Bushwalkers will be rewarded with beautiful wildflowers and flowering shrubs.

Winter

Build a cosy campfire at Terarra Creek camping and picnic area and spend a cool, clear night gazing at the stars.

Weather, temperature and rainfall

Summer temperature

Average

13°C and 33°C

Highest recorded

43.5°C

Winter temperature

Average

2°C and 18°C

Lowest recorded

–6.9°C

Rainfall

Wettest month

January

Driest month

April

The area’s highest recorded rainfall in one day

129.5mm

Facilities

  • Water is not available at this campground.
  • There may some firewood at this campground, but it’s a good idea to bring your own supply.
  • Rubbish bins are not available, so please take your rubbish with you when leaving.

Toilets

  • Non-flush toilets

Picnic tables

Barbecue facilities

  • Wood barbecues (bring your own firewood)
  • Fire rings (bring your own firewood)

Maps and downloads

Safety messages

Camping safety

Whether you're pitching your tent on the coast or up on the mountains, there are many things to consider when camping in NSW national parks. Find out how to stay safe when camping.

Fire safety

During periods of fire weather, the Commissioner of the NSW Rural Fire Service may declare a total fire ban for particular NSW fire areas, or statewide. Learn more about total fire bans and fire safety.

Mobile safety

Dial Triple Zero (000) in an emergency. Download the Emergency + app before you visit, it helps emergency services locate you using your smartphone's GPS. Please note there is limited mobile phone reception in this park and you’ll need mobile reception to call Triple Zero (000).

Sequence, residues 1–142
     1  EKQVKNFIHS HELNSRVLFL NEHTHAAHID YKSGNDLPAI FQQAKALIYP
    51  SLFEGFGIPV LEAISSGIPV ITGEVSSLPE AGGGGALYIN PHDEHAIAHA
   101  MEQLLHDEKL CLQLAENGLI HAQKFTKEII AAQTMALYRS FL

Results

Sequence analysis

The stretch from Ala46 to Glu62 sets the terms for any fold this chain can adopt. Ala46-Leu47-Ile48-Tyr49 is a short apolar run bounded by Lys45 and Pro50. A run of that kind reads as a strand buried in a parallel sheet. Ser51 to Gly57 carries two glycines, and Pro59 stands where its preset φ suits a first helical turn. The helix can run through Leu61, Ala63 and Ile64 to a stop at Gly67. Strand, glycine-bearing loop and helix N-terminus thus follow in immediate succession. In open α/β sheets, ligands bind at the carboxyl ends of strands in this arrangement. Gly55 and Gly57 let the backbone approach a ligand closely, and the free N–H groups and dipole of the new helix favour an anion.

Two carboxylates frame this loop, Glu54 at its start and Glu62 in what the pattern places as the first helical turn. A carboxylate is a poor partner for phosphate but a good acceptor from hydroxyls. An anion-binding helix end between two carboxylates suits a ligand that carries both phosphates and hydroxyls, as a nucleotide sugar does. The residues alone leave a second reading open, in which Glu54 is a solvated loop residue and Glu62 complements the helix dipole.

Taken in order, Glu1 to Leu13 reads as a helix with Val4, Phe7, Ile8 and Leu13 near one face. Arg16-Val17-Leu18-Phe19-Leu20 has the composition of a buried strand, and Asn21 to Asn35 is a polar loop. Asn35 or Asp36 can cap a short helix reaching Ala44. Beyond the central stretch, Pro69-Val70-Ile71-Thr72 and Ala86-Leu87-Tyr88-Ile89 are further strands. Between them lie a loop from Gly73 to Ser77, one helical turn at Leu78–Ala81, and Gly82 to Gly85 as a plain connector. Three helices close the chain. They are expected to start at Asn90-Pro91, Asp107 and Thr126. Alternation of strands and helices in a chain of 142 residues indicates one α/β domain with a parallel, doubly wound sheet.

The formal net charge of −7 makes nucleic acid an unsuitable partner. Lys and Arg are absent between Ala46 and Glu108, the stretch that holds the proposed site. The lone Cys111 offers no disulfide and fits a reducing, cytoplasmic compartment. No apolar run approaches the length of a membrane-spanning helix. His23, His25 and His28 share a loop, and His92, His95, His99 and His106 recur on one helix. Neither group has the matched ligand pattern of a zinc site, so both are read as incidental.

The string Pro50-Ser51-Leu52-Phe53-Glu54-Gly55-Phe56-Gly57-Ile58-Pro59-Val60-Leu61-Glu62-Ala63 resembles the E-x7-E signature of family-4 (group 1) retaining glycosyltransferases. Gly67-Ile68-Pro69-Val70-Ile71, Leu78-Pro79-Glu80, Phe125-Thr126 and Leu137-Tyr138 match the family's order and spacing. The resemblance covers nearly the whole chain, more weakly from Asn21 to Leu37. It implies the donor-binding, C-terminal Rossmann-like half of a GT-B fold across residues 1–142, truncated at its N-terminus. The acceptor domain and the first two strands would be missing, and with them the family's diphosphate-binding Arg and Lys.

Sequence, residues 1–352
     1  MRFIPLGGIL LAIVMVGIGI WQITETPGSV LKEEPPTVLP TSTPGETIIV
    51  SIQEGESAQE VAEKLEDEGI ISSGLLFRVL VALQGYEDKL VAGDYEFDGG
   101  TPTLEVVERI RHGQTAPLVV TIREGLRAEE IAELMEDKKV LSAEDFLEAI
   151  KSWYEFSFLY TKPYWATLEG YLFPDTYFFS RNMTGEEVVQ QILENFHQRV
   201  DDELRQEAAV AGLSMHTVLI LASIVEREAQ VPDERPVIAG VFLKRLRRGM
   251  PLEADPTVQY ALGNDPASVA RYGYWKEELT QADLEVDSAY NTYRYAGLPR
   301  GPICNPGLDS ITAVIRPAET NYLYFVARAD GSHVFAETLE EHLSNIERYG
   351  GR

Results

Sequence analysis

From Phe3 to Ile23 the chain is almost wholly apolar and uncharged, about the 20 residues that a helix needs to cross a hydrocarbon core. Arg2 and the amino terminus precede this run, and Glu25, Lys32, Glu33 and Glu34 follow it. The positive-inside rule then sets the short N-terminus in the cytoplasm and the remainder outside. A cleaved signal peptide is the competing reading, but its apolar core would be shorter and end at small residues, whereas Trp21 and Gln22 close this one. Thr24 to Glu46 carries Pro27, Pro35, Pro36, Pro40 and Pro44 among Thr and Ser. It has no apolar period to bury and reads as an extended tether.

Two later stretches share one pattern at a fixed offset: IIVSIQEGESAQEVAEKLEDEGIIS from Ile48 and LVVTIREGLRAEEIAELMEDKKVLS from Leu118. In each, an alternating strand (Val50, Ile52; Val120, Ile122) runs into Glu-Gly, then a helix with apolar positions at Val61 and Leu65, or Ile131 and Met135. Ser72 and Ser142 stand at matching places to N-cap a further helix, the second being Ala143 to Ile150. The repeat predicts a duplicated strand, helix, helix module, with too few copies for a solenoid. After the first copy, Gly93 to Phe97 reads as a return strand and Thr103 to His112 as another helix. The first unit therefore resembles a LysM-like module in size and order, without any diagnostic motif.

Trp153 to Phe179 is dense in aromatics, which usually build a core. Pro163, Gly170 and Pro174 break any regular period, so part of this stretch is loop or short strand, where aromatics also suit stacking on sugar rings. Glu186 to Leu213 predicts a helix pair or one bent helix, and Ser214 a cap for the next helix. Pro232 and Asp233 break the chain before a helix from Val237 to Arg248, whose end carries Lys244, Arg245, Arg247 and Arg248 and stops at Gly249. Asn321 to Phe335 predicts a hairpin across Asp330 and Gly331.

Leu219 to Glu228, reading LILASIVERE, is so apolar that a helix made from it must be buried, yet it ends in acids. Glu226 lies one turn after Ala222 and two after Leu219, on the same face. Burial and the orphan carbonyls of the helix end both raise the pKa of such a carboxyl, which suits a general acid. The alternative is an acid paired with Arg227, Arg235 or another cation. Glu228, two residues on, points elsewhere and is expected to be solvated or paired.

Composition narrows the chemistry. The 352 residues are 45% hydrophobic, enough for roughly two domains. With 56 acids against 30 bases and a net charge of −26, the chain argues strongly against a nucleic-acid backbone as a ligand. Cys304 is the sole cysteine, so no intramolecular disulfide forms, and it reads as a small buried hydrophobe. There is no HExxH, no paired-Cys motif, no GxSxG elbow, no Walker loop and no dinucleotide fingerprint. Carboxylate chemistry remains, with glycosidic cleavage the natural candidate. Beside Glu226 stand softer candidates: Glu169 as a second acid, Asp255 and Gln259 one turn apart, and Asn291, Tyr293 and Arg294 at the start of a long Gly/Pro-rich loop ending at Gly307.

Accessibility

Disability access level - medium

Assistance may be required to access this area.

Prohibited

Pets

Pets and domestic animals (other than certified assistance animals) are not permitted. Find out which regional parks allow dog walking and see the pets in parks policy for more information.

Smoking

NSW national parks are no smoking areas.

Nearby towns

Canowindra (4 km)

In the red countryside of Canowindra, you can travel back 360 million years to see rare fossils in the amazing Age of Fishes Museum, where you'll encounter thousands of fossilised freshwater fish.

www.visitnsw.com

Cowra (32 km)

Cowra is gaining a reputation as a wine-producing region and source of specialty products. You'll find plenty of cellar doors where you can sample award-winning local wines from golden chardonnay to soft, ripe reds.

www.visitnsw.com

Parkes (14 km)

Even though Elvis Presley died in 1977, his spirit is alive and well in Parkes. The annual Parkes Elvis Festival coincides with the music legend's birthday in January. The five-day event features Elvis concerts, a parade and much more.

www.visitnsw.com

Learn more

Terarra Creek camping and picnic area is in Nangar National Park. Here are just some of the reasons why this park is special:

A refuge for wildlife

 Bottlebrush (Callistemon), Nangar National Park. Photo: Claire Davis